10 Housing with Care flats across Norfolk are being used to support people who are medically fit but need care at home to leave hospital.
People will temporarily move from a hospital bed to a flat in a Housing with Care scheme for up to four weeks. They will receive 24/7 care and support before moving back to their home.
Developed as a partnership between Norfolk County Council, the landlords (Broadland Housing Association and Saffron Housing Trust), NorseCare, Country Kitchen Foods Norfolk and NHS Norfolk and Waveney Integrated Care Board the flats will be available until 31 March.
Cllr Bill Borrett, Norfolk County Council’s Cabinet Member for Public Health, said: “We want to help people feel better prepared to return home after spending time in hospital and this new approach enables them to try out Housing with Care.
“If those who have been supported in Housing with Care consider the option of moving to a scheme in the future it may well help them retain their independence and give them peace of mind that care is on hand if they need it.”
Living in a Housing with Care scheme is different to living at a care home. This is because:
• Housing with Care schemes offer a more independent living option as people get older.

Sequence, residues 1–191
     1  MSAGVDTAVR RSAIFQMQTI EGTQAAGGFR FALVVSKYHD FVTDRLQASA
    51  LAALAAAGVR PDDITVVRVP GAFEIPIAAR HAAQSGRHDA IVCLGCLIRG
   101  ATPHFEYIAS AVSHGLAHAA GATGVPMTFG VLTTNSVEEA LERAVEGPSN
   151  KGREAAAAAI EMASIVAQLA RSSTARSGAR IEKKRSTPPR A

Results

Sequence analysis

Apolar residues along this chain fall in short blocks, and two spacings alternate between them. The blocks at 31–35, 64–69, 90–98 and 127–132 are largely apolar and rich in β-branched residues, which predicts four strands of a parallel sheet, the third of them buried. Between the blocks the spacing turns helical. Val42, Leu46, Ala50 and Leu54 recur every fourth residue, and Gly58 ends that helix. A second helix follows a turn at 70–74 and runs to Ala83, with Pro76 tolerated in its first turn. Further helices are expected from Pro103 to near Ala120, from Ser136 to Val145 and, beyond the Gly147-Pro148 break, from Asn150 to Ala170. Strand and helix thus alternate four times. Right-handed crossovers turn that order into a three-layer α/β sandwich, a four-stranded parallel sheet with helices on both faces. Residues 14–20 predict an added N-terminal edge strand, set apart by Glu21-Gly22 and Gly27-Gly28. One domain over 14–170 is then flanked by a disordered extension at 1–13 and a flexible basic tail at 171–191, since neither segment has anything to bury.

• People have their own tenancy, own flat, and own front door.
• Every flat has a living area, kitchen, bedroom, and bathroom.
• The scheme will have communal areas such as gardens, lounge areas and cafes to meet with friends and enjoy social events.
Cllr Borrett added: “We know that when people start looking at housing options in later life it can get very confusing. To help, Norfolk County Council have information on the public webpages and has created short video guides to help people decide if a Housing with Care scheme is right for them”
Marcus Bailey, Winter System Director for Norfolk and Waveney Integrated Care System said: “We know that no one wants to stay in a hospital longer than they need to. This innovative use of Housing with Care flats helps people leave hospital when they’re medically fit and still receive care. Allowing our hospitals to care for very sick patients.”